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Although he was the Son of God, Jesus had a clear vision for prayer.

The book of Luke gives us a glimpse into Jesus’ prayer life. One particular night after he started his public ministry, Jesus was surrounded by a crowd of people. But he went alone up the mountain and spent the whole night in prayer. The next morning, he acted upon the result of his prayer time—he chose twelve from among the multitude to be his close disciples (Luke 6:12).

Luke 9:18 says Jesus prayed in private. Luke 9:28 says that Jesus took three of his disciples—Peter, James, and John—up a mountain in order to pray. And in Luke 11:1, Jesus was praying near his disciples and after he finished, one of them said, “LORD, teach us to pray.” This disciple had observed Jesus’ vision for prayer and wanted to grow in prayer.

In his classic book about spiritual disciplines called Celebration of Discipline, Richard Foster writes, “All who have walked with God have viewed prayer as the main business of their lives.” Do you have a vision for prayer? Would you be the one disciple who says, “LORD, teach us to pray?”

Learning to pray begins with a clear vision for prayer. Here are four helpful ways to think about prayer:

Prayer is the root of your relationship with God.
The heart of a person’s relationship with God is his or her prayer life. Says Foster, “Of all the spiritual disciplines, prayer is the most central because it ushers us into perpetual communion with the Father.” Just because you’re a Christian doesn’t mean you’re closely connected with God. Have you ever known a man and woman who were married on paper, but not really connected in relationship? They were legally married, but didn’t function relationally as married people.

The same can happen with God. You may have already confessed to God your sinfulness and asked Jesus to be your Savior. In that moment, you were justified—made right—in God’s eyes. The blood of Jesus bought you for God and you became a child of God. This, like marriage, was a legal transaction, but like marriage, the legal position doesn’t guarantee intimacy. Intimacy has to be built; intimacy has to grow. Prayer is a primary way to build intimacy with God, which is why prayer is the root of your relationship with him.

Prayer is a means of God’s grace.
Foster writes, “Prayer is the central avenue God uses to transform us.” You can see how important prayer is to spiritual development. If you avoid prayer, you cut yourself off from the central flow that is meant to transform you. God didn’t bring you into his kingdom to leave you the same. He loves you as you are, but he has great plans for you, bigger plans than you can imagine. And he didn’t save you so you could pine away for a castle in the clouds. Eternal life began the day you started following Jesus; eternal life began on this earth.

So then, prayer is God’s chief work in you. God’s grace is a combination of his blessing and power. It is God’s grace that changes you so you are not the person you once were. You have grown in love and patience and kindness because of God’s grace chipping and adding, removing and filling in. And it is God’s blessing that has bestowed goodness and gifts upon you so they are too many to count, and if you were able to see them all stacked up, you would be forever overwhelmed. Prayer is a means of God’s grace.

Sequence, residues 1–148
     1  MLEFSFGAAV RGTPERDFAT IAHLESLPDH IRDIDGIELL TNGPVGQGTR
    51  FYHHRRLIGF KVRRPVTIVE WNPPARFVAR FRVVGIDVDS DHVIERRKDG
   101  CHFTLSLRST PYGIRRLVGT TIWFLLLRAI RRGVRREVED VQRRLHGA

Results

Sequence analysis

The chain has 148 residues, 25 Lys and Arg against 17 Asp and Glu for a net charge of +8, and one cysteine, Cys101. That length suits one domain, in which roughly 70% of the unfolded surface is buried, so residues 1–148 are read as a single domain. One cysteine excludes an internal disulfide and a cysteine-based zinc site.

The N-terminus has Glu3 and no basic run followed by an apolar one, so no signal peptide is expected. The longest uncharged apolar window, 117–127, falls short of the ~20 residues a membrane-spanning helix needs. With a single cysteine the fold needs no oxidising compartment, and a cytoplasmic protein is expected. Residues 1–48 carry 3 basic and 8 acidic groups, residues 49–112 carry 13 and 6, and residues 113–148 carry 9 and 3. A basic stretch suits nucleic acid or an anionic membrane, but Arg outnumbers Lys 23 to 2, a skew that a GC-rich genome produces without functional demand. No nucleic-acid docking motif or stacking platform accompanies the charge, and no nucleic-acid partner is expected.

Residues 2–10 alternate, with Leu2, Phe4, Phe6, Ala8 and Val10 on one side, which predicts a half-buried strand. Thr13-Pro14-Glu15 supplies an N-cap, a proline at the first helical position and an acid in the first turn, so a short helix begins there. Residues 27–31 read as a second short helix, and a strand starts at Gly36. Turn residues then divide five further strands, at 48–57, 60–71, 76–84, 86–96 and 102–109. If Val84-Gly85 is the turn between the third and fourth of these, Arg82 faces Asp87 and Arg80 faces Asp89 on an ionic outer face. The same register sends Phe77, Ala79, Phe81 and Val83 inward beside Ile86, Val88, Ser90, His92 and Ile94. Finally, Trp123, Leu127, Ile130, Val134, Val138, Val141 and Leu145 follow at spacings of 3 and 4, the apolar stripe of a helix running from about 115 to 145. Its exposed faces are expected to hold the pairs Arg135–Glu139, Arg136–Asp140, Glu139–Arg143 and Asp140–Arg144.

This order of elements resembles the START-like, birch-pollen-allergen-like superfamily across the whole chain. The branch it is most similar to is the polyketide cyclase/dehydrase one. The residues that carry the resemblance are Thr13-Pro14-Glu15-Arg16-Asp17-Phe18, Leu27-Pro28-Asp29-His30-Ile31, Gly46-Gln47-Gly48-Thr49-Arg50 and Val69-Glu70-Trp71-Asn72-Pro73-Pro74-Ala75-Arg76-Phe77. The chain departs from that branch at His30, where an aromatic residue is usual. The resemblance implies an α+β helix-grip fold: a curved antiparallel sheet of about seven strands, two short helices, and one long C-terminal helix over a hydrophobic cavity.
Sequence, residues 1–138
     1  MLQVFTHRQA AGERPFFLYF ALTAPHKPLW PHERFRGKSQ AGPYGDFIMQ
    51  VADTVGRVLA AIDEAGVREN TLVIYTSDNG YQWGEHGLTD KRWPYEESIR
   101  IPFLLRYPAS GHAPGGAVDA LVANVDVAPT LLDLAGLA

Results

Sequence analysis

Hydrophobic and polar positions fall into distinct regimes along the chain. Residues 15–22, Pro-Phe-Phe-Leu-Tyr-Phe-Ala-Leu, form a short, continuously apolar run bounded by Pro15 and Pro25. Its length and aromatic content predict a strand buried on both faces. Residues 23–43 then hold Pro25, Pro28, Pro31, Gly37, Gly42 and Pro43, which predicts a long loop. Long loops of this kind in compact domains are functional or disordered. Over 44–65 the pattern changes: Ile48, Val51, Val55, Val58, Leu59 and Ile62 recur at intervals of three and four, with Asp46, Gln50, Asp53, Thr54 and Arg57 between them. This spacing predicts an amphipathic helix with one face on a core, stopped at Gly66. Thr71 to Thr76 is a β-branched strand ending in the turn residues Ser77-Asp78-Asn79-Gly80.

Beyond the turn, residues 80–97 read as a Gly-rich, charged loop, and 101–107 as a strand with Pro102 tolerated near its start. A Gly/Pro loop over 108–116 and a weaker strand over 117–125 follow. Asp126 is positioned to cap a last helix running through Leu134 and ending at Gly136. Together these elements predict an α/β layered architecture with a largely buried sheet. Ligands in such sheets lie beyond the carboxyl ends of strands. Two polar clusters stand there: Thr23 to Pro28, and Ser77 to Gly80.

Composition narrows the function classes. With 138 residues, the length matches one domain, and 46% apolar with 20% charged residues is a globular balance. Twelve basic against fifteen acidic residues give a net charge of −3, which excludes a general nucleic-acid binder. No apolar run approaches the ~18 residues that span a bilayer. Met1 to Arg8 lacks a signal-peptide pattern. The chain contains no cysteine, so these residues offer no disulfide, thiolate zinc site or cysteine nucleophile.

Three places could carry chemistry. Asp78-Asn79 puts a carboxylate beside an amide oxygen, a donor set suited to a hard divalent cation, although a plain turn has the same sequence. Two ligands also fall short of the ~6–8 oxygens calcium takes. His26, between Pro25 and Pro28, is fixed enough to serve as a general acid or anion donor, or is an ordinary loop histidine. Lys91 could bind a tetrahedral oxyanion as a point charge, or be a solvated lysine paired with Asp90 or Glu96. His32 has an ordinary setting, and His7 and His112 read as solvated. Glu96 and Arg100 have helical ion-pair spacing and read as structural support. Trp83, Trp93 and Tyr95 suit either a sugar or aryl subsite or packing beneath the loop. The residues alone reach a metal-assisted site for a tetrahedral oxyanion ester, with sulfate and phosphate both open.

Prayer is your loving place.
Prayer is God’s most consistent place to love you. What you need is not more knowledge of God’s love, but more encounters with God’s love. You can understand the love of God with your mind, but until you experience God’s love with your heart, you won’t really comprehend it. Consider the orphan. You can adopt him, give him a home, and everyday tell him you love him. But just because you say it doesn’t mean he knows it.

He won’t know he’s loved until he feels he’s loved. Until love captures his heart and kneads its way through, defying firmly-rooted ideas that he deserved to be abandoned or he’s unworthy of love. Regardless of how many times you profess love, it’s like a banging gong or clanging cymbal until he himself feels loved. And that comes only through experience. Prayer is the encounter with God that enables you to feel loved by him. Prayer is where God loves you.

Prayer is where ministry is made.
Prayer is where ministry is made. You see this pattern in the Bible. Jesus prayed before choosing the Twelve. Who would these disciples become? The founding members of the Church that became a worldwide, enduring movement. The Apostle Paul went on his first missionary trip as a result of prayer. What difference did Paul make? He wrote most of the New Testament and catalyzed the church planting movement. Jesus and Paul’s first ministry was prayer.

While prayer is God’s work in you, prayer is your chief work. It’s easy to make ministry the chief work, but this is backward. Instead, prayer is where ministry is made. Until you treat prayer as your main ministry, your activities will only be fractionally as powerful and successful as their potential. You may accomplish much on your own, but what if you’re settling for a shadow of what God intends? Your ideas and abilities aren’t big enough. Don’t promise God to people, but only give them you. Give them God and you, which will come through prayer. Prayer is where ministry is made.

If Jesus had a vision for prayer, maybe we should too.

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Comment by MIN. IRENE D. WADE on September 2, 2014 at 1:10pm

Thank you for this post

Comment by Vicki Normoyle on September 1, 2014 at 8:46am

Welcome to Pray!Network and thano you for this post. I really appreciate the reminder that God offers prayer as relational and the comparisons of marriage and adoption.

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